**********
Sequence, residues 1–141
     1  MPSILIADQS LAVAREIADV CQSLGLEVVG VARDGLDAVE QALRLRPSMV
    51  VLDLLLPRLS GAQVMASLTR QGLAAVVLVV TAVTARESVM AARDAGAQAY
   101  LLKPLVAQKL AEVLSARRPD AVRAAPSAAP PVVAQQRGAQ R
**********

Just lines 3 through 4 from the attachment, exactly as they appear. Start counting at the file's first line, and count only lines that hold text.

    51  VLDLLLPRLS GAQVMASLTR QGLAAVVLVV TAVTARESVM AARDAGAQAY
   101  LLKPLVAQKL AEVLSARRPD AVRAAPSAAP PVVAQQRGAQ R